Open Journal Systems

With pharmaceutical companies marching inexorably toward successfully developing a COVID-19 vaccine, debate has erupted over who will have the eventual rights of ownership and pricing of the drug. This argument has become all the more heated since Congress passed the CARES Act that did not adequately address these issues. Most noticeably, the Act fails to mandate Medicaid, Children’s Health Insurance Program (CHIP), or private insurers to cover the COVID-19 vaccine. Therefore, states have enormous discretion in determining the cost sharing for their citizens using these forms of coverage. [1] Some states may decide to create reasonable restrictions and guidelines for how the vaccine should be distributed and priced. However, it’s hardly a stretch to say that other states will favor a more laissez-faire approach and allow market forces to control the vaccine price.

Many Americans covered by ACA insurance or Medicare will never see a direct cost for the vaccines, given their healthcare coverage and legislation specifically prohibiting passing costs onto patients. However, this only applies to the cost of the vaccine itself, not of the associated administration fees.[2] For Medicaid and private insurance policies, the power to regulate vaccine pricing passes to the states. This vulnerable group has only grown larger as vast numbers of Americans have applied for Medicaid after losing their employer-subsidized health insurance along with their jobs in the midst of the pandemic. Moreover, lockdowns have caused major financial losses to millions of self-employed citizens, and they can no longer afford health coverage and must rely on Medicaid as well. To make matters worse, in the past, states struggled, or entirely failed, to reimburse healthcare providers for administrative and management costs on Medicaid. These fees would be astronomical for a mass distribution of a COVID-19 vaccine. [3] Lastly, should the FDA bring a vaccine to market through an Emergency Use Authorization (EUA) instead of the usual approval process, the vaccine would ironically be ineligible even for Medicare coverage as well. [4] 

Currently, there are 136 potential vaccines in some stage of development in the US, and six have been approved for early or limited use. [5] The U.S. has contracted with large pharmaceutical companies like Moderna, Pfizer, and Johnson & Johnson in an effort to accelerate the development of a functional vaccine. [6] These same companies appear to be setting their own policies for pricing and distribution of the finished product as testing continues. The government has already placed orders for well over 100 million doses from these corporations. Prices for the vaccine range anywhere from $19.50 to $37 per dose, a difference of incredible magnitude given the number of doses required to inoculate the US population. [7] Moreover, it is unclear what the long-term efficacy of any vaccine will be. A one-time expenditure could easily become a seasonal expense if COVID-19 proves to be more like the flu than not.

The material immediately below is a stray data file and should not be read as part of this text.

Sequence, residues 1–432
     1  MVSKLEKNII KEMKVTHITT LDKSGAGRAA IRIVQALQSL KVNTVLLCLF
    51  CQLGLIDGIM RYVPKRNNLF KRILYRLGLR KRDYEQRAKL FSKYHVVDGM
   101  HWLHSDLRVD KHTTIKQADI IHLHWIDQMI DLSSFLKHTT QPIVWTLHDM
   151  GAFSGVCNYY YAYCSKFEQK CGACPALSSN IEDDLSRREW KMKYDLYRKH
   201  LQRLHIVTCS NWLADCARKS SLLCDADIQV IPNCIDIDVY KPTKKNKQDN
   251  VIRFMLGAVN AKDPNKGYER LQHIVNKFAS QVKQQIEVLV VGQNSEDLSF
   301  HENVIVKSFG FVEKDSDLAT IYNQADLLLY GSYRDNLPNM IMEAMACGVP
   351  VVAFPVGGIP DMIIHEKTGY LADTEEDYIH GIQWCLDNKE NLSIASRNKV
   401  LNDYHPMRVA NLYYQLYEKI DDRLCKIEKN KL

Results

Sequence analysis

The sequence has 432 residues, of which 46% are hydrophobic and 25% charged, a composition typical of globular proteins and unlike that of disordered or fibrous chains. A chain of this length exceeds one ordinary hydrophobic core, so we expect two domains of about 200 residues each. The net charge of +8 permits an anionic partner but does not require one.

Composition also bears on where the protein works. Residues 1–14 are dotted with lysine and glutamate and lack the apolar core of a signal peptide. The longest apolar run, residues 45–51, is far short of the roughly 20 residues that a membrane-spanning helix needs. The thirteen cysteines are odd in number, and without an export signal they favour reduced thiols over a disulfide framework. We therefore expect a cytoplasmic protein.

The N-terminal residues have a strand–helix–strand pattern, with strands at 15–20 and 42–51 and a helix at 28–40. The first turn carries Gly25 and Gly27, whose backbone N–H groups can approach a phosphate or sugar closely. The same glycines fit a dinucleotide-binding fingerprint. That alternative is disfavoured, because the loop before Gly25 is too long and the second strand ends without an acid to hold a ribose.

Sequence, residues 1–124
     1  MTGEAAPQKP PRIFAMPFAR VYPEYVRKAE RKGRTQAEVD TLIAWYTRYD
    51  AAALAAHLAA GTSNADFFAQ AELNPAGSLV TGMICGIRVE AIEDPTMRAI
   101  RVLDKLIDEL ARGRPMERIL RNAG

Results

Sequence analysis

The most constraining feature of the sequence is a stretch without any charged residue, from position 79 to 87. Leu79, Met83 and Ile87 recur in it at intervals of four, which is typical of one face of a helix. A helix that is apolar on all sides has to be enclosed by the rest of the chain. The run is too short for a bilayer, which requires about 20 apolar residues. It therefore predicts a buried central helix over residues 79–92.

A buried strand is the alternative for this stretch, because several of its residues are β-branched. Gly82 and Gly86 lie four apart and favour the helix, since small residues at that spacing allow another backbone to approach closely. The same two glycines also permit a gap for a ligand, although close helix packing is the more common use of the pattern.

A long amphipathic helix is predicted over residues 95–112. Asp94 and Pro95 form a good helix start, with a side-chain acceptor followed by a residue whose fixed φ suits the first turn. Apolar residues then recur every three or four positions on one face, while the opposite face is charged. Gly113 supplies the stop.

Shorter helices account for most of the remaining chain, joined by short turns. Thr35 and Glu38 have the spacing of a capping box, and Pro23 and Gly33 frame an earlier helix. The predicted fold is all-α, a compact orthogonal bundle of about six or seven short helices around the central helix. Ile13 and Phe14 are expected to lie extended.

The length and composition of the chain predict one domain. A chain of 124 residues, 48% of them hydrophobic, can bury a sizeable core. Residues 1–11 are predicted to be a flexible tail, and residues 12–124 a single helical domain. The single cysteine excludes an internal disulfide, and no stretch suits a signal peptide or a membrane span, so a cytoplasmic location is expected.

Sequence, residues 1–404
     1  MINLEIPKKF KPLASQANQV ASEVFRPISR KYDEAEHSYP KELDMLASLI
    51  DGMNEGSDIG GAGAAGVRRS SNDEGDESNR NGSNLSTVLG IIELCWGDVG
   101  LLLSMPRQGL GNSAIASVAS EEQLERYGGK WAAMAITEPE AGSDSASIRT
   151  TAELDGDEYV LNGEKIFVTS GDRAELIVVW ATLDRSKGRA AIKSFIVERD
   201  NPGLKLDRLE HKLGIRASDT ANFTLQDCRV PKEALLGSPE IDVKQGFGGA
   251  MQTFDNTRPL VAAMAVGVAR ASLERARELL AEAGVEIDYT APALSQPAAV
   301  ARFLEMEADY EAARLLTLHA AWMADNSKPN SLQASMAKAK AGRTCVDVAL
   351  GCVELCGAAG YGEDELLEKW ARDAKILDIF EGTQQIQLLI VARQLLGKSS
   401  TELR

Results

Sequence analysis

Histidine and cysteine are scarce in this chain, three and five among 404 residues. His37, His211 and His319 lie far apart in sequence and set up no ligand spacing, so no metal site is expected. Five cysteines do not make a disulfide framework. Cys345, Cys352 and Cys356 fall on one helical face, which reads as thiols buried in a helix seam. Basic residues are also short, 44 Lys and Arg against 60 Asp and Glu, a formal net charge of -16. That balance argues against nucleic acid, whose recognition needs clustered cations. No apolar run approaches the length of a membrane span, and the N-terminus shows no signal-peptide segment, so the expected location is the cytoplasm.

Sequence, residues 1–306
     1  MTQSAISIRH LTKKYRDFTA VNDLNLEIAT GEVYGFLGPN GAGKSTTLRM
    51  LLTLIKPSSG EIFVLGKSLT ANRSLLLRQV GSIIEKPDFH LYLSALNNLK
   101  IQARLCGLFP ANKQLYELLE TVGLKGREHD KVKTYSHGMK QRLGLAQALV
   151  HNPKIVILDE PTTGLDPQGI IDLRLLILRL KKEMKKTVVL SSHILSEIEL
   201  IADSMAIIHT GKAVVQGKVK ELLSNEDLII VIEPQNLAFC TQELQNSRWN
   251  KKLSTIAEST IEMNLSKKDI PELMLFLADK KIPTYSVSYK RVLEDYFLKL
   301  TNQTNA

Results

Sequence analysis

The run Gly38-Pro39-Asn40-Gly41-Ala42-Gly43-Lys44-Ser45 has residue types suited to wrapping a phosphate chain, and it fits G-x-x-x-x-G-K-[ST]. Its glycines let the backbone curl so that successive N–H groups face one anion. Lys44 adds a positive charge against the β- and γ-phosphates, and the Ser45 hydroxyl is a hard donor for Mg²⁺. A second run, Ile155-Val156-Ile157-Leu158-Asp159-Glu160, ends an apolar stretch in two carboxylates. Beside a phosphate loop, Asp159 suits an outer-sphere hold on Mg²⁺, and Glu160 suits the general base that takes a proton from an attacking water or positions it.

Some would argue that allowing companies to set their own prices is only fitting. Companies need to recoup their expenses for their research efforts. This argument doesn’t track to the fact that only a few companies have expressed an interest in selling the vaccine at cost. Many have openly stated they intend to make a profit. [8] Companies have even begun to globally market their vaccines before completion. Outrage at French pharmaceutical company, Sanofi, for reserving the first shipments of their developing vaccine for export to the U.S. prompted more than 140 world leaders to sign pledges stating that the vaccine technology shouldn’t be patented and instead should be shared globally. [9] Few companies have actually elected to join the pledge. If the vaccine technology is not shared and the free market is allowed to decide its price, then there is little in the way of yet another Martin Shkreli situation.

Shkreli entered national headlines in 2015 when he created a business plan for the company Turing that involved the acquisition of an antiparasitic, and antimalarial drug called Daraprim. Shkreli increased the drug’s price by a factor of 56, an enormous financial burden to the patients who depended on the drug, many of which suffered from AIDS. [10] [11] While Daraprim’s patent had technically expired, the drug was not widely used enough to prompt companies to create a generic version. Turing quickly secured patent protection and created roadblocks for any competitors by restricting sales to regular wholesalers. [12] Despite immense pressure from the public and eventually Congress, Turing did not actually ever lower the list price of Daraprim. [13] They did, however, lower the price for hospitals to buy and administer the drug. [14] While this would make the drug less expensive for hospitals to acquire, patients using the drug were often only hospitalized for a few days and upon leaving the hospital would go right back to having to pay the exorbitant price for Daraprim. Shkreli and Turing (now Phoenixus) faced backlash for their deeds, but little legal action actually materialized. [15] Shkreli would eventually find himself in prison for unrelated securities fraud. While other companies were able to step in to provide lower cost alternatives to Daraprim in the face of its enormous price hike, the vulnerability in our business system remains the same. [16]